sampling

What is asbestos and why is it dangerous?

WHAT IS ASBESTOS?

Asbestos is a naturally occurring mineral and was widely used in the construction of buildings. Asbestos was included in a huge number of construction products, for a very diverse range of uses, often centred around fireproofing or insulation purposes.

Is asbestos not a historical problem?

Asbestos is still widely present today. Potentially any building built or refurbished before the year 2000, may contain Asbestos Containing Materials (ACM’s). Do you know if your building contains Asbestos Containing Materials?

WHY IS ASBESTOS DANGEROUS?

When asbestos containing materials are damaged or deteriorate with age, they can release fibres into the air. The shape and size of the fibres released enables them to penetrate deep into the lungs. Once they reach the lungs they can lead to asbestos related diseases, such as;

  • Mesothelioma
  • Asbestosis
  • Pleural thickening
  • Asbestos related lung cancer

WHAT TO DO?

Having as asbestos survey completed can identify if asbestos is present within your premises. Identification, by way of sampling and assessment of materials within a building that may contain asbestos, can reduce the risk of damage occurring to materials that may present. Once identified, any materials identified that contain asbestos should be recorded and monitored on an asbestos register. This greatly reduces the risk of a potential exposure to asbestos by occupants of the premises.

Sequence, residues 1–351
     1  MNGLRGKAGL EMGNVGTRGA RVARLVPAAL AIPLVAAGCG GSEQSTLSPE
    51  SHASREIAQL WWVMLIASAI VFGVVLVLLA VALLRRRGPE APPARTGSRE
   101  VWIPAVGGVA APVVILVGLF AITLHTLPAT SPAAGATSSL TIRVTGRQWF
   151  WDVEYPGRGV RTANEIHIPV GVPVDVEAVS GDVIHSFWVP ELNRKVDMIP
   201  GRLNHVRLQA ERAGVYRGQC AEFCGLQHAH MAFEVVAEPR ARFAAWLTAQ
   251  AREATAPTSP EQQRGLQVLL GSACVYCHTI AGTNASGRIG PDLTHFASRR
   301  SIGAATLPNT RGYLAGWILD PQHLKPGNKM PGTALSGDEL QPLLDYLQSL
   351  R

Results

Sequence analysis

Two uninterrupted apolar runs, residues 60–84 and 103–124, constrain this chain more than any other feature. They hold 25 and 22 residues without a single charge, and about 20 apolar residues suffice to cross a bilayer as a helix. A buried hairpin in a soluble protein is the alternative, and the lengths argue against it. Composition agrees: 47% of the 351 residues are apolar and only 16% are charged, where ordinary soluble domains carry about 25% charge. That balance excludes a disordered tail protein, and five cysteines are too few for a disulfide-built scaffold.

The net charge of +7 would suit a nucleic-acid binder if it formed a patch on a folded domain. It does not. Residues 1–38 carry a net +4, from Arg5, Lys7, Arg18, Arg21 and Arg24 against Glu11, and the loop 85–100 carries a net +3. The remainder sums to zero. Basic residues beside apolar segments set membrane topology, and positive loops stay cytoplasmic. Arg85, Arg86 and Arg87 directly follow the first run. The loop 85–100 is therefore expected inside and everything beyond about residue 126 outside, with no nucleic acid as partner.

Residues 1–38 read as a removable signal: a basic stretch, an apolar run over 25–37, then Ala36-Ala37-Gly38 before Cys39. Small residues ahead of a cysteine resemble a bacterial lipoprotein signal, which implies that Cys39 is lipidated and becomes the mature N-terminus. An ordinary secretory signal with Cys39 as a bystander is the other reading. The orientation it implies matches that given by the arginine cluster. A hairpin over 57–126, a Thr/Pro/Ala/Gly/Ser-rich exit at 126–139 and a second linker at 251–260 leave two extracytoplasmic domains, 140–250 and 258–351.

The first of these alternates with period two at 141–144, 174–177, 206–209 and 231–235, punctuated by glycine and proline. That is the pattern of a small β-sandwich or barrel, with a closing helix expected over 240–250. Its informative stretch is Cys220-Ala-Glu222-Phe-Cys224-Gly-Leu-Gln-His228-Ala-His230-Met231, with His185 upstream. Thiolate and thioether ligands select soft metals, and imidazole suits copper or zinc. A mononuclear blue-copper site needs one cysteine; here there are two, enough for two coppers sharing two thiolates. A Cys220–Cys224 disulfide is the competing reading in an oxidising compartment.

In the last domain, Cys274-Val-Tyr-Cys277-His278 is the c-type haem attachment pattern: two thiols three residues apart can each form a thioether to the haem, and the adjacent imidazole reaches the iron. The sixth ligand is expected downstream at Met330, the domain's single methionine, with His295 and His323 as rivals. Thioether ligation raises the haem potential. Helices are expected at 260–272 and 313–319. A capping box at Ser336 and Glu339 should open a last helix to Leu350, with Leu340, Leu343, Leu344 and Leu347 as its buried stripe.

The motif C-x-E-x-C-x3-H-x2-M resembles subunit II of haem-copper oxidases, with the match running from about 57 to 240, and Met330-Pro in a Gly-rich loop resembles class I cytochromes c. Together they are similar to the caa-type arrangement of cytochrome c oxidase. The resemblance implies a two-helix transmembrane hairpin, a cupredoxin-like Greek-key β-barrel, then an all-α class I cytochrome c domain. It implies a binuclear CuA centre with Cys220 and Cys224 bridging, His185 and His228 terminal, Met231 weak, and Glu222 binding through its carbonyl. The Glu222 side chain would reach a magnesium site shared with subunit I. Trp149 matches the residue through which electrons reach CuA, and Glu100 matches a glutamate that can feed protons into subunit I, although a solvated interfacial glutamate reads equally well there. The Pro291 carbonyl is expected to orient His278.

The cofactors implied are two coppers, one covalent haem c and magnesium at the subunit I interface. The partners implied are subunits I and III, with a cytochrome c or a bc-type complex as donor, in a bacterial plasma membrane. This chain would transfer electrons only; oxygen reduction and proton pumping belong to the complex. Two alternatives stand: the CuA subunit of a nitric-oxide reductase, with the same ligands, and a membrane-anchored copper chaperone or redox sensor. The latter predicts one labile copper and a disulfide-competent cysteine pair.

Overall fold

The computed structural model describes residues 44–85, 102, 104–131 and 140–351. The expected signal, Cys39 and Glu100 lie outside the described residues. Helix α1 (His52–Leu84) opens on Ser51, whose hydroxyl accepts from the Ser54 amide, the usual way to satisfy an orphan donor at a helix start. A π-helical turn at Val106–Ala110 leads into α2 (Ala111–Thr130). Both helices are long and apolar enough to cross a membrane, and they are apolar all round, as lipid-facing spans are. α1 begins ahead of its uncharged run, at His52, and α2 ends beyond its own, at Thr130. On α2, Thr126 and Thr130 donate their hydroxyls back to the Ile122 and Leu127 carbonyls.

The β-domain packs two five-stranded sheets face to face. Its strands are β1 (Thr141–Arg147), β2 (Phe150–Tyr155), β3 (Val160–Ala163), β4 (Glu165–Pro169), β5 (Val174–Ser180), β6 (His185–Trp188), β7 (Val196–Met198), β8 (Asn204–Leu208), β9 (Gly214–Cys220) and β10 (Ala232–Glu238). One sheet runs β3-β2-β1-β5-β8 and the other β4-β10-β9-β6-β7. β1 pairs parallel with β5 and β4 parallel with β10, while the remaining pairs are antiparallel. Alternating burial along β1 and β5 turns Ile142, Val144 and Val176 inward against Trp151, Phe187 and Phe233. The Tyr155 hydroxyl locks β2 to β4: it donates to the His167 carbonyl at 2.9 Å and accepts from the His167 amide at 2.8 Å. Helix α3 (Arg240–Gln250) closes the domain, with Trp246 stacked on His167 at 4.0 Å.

Asbestos identification by way of asbestos survey

HOW CAN SUMMIT ENVIRONMENTAL HELP?

Summit Environmental Limited can complete asbestos management surveys, asbestos refurbishment surveys and asbestos demolition surveys to locate materials that may contain asbestos in your premises.